The history of Torsås Fajans
Along the wonderful coast line between Kalmar and Karlskrona, you will find many potteries. Just outside the village Torsås, the pottery oven has been glowing in four generations.
In 1888, B.G Johansson started the company. Mr. Johansson had learnt about the fantastic quality of clay in a nearby brickworks. He also went to Stockholm for studies in an art school. When he returned back home, he fell in love with the crofter’s daughter Tilda. They got married, and the life in the cottage flourished. So did also the tiled stove manufacturing and the pottery. In the nearby fields grazed some horses and cows.
Tilda and Bror Gustav got five children. The youngest, Gunnar Brorsén, was born 1901, and he started to work with his father when he was 14 years old. He rode his bicycle several kilometers along the winding dirt roads to assemble tiled stoves in different houses.
During the thirtieth, tiled stove became unfashionable. The main part of the business was then reconstructions of old stoves. On the other hand, pots came into fashion. During the World War Two, the competition from other countries stopped, and the pottery in Sunelycke outside Torsås was heading a flourishing time with about nine co-workers. At this time, Mr. “Pottery” had sold the forest and the animals, and enlarged the factory. The old carriage horse was exchanged with a motorcycle and a car. Gunnar was happy, because he had always been terribly scared of horses.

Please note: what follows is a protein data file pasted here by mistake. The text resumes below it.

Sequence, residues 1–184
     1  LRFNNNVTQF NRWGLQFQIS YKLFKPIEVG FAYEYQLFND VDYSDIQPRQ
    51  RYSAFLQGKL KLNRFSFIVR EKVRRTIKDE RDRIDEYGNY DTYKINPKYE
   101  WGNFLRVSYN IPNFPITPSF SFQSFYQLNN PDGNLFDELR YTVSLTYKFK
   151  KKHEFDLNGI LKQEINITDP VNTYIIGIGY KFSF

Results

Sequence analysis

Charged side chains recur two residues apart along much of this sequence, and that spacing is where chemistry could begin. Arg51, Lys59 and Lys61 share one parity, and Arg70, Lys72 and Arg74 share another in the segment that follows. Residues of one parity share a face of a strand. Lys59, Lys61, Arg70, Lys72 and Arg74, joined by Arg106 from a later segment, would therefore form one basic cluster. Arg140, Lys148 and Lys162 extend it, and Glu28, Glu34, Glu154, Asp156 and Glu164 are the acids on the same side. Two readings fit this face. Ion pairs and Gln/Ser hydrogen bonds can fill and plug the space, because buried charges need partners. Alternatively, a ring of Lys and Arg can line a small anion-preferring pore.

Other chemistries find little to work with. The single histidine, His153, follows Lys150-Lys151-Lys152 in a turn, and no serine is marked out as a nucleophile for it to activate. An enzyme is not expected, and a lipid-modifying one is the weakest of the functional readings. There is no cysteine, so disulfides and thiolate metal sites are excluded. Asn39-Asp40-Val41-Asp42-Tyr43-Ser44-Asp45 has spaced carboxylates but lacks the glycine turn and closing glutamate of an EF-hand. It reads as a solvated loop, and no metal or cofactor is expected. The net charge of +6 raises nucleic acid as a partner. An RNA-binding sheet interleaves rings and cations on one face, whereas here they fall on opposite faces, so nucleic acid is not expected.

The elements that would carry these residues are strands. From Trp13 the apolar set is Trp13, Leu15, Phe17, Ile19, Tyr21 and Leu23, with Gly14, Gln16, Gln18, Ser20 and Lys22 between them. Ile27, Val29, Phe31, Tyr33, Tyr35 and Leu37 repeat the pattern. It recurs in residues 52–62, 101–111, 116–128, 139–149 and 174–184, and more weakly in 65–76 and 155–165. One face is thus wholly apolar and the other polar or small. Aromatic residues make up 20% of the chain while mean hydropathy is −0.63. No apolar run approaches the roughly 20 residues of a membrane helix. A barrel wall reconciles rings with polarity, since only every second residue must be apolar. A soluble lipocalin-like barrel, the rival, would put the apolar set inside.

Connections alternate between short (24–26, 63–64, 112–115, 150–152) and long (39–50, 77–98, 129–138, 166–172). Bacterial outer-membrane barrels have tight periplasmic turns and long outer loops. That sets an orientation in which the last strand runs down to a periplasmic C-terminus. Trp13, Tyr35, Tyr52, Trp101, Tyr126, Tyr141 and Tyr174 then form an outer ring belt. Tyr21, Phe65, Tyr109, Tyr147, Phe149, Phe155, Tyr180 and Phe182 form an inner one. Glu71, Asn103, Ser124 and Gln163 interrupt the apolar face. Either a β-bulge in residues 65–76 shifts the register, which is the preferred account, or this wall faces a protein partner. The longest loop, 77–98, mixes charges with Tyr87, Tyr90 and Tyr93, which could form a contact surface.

Ships, trains and trucks loaded with clay from Skåne arrived to Sunelycke. After a while the clay was ready to be delivered out in different places, but this time the clay had become wonderful pots and ceramics. Now, it was the time for the famous “Ginger bread pot” to see the daylight. The pot originates from a pot in which people carried their food on the way to a feast. The “Ginger bread pot” is still toady a very popular product.
The fiftieth was a time of changes; the plastic became popular, and the employer’s contribution was here. Mr. “Pottery” Gunnar Brorsén was now alone in his huge empty factory; only the memory of all the potters form Denmark that used to work hard in Torsås Fajans kept him company. However, customers continued to come to the pottery. Every summer and Christmas loads of people came to see the old man and to buy his products. 1978 he got a new apprentice; it was me, his granddaughter Gith Palmér, who wanted to learn from granddad Gunnar. We work side-by-side until Gunnar died in January 1981.
Today, Torsås Fajans distribute mainly our own goods to companies, but, still, customers are coming to the pottery in Sunelycke to buy directly and sometimes to see the manufacturing. Many older visitors like to tell a story or a memory about Gunnar Brorsén.
Today I proudly continue my ancestors work and keep the pottery alive. I manufacture utility goods in stoneware, and, of course, the still very popular “Ginger bread pot” with its characteristic white décor.